[Skip to Content]
Access to paid content on this site is currently suspended due to excessive activity being detected from your IP address Please contact the publisher to request reinstatement.
[Skip to Content Landing]
February 1987

Charlie Brown and Statistics: An Exchange

Author Affiliations

Department of Psychiatry and Behavioral Sciences Stanford University School of Medicine Stanford, CA 94305

Arch Gen Psychiatry. 1987;44(2):192-193. doi:10.1001/archpsyc.1987.01800140104018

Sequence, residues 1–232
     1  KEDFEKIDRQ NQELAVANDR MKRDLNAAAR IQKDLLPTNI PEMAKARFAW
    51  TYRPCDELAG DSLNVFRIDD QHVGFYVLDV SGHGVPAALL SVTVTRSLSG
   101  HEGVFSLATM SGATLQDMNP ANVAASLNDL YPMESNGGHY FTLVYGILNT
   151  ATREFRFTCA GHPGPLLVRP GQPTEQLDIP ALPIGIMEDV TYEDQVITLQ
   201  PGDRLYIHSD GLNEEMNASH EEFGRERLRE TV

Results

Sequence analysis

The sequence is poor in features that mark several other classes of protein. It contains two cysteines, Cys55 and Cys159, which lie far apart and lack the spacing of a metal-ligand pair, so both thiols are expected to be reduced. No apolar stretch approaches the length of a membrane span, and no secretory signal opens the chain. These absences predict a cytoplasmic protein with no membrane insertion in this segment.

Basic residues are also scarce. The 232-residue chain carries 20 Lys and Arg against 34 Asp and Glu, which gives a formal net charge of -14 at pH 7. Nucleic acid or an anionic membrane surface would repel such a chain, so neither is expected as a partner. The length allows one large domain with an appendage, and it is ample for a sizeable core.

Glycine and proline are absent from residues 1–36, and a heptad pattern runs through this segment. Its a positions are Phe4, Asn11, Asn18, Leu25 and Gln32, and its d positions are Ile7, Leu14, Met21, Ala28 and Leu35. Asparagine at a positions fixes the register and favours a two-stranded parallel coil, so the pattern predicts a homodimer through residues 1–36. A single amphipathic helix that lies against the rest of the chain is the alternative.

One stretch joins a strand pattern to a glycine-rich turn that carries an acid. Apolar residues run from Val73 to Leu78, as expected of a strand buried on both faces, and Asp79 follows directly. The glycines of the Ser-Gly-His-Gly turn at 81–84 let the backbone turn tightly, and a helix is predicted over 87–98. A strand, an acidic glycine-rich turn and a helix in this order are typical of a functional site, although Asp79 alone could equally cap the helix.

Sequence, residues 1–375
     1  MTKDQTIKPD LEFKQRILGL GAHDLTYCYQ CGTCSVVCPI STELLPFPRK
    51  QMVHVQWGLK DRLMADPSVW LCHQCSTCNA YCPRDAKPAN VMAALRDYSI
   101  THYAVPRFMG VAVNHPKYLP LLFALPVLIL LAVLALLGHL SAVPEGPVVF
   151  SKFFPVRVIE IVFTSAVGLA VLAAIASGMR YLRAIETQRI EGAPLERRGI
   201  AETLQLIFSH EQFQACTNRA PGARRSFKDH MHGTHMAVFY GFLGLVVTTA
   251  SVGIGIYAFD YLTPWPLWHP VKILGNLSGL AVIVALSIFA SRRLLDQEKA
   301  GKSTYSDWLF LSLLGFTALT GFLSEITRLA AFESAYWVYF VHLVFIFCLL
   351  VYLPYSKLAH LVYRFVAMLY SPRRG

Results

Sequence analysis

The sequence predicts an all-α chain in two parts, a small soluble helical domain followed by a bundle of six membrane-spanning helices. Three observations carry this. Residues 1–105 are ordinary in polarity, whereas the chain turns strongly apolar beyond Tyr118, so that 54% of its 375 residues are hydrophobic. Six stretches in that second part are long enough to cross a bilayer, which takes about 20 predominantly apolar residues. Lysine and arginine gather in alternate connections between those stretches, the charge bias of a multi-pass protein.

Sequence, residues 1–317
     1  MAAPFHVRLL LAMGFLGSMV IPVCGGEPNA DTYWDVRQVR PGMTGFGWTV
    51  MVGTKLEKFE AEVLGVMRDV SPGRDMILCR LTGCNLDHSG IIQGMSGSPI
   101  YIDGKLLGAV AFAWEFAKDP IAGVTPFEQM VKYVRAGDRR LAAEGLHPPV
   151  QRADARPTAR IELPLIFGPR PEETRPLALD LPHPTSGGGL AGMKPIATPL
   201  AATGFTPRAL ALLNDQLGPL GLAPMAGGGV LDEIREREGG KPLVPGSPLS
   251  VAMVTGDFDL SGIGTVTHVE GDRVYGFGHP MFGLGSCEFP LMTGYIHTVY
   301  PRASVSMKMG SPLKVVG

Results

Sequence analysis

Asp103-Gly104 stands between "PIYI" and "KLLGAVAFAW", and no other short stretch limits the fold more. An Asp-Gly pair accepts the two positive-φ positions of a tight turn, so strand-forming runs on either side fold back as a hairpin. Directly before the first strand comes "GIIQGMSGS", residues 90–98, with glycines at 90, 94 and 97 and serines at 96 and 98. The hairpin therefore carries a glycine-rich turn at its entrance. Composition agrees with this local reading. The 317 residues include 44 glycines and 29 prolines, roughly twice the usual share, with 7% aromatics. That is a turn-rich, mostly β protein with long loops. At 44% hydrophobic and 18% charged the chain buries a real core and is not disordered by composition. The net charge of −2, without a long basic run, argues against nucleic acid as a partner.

To the Editor.—  A "Peanuts" cartoon has Charlie Brown exhorting his baseball team to greater efforts, saying "All right. We've heard the report from our statistician... Both our hitting and our fielding averages were down this year... So you all know what we have to do next season." In chorus, the team responds "Get a new statistician!!!" The article by Spitznagel and Helzer1 proposing a solution to the base rate problem in the k statistic has much the same flavor. The k statistic indicates that the validity and reliability of diagnostic tests is population-specific and tends to be low in extreme-risk populations (low or high base rate or prevalence). What to do about it? Get a new statistic!It is, of course, a fact that k is population-specific.2 However, the situation is even more problematic than has been suggested, for two different clinical populations having similar base rates